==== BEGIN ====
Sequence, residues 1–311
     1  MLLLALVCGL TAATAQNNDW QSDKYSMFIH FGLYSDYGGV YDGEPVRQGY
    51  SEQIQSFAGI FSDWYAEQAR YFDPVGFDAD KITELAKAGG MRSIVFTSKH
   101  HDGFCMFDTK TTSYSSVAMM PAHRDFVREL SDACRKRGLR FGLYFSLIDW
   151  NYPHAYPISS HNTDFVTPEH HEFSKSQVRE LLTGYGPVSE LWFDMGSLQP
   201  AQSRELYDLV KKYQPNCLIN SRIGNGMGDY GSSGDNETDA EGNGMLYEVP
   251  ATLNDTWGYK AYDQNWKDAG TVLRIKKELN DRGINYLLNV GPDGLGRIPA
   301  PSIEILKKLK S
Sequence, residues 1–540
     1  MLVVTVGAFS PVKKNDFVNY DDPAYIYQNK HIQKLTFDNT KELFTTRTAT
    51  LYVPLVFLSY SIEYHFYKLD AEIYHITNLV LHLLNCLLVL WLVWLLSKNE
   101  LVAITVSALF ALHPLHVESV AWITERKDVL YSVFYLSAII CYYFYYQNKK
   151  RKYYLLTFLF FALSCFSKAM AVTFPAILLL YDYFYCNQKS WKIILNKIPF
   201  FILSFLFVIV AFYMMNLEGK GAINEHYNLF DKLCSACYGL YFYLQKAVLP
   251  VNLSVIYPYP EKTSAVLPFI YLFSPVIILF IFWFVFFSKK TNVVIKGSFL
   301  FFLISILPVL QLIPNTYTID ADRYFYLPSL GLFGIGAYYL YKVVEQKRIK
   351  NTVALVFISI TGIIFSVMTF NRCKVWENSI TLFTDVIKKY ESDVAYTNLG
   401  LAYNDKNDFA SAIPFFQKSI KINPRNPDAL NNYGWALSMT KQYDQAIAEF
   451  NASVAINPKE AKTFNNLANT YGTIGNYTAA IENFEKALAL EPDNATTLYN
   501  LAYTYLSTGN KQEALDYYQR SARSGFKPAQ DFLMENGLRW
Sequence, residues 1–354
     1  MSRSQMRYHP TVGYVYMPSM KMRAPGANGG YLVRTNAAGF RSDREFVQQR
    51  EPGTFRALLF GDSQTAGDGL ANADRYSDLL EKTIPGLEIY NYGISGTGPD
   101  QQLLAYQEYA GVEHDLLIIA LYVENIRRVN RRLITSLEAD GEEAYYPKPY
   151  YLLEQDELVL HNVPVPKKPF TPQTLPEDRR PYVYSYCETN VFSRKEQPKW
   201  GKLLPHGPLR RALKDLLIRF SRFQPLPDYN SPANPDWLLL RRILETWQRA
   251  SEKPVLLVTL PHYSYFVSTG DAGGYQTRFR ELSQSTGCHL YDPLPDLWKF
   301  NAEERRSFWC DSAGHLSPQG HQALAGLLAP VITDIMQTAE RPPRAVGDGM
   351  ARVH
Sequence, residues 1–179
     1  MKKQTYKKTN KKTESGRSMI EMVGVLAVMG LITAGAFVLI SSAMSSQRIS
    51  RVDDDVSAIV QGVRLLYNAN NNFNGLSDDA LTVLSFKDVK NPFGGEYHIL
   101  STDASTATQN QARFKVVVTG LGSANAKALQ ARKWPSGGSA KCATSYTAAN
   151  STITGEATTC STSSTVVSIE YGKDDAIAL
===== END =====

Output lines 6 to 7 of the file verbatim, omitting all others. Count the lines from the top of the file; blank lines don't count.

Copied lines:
   201  AQSRELYDLV KKYQPNCLIN SRIGNGMGDY GSSGDNETDA EGNGMLYEVP
   251  ATLNDTWGYK AYDQNWKDAG TVLRIKKELN DRGINYLLNV GPDGLGRIPA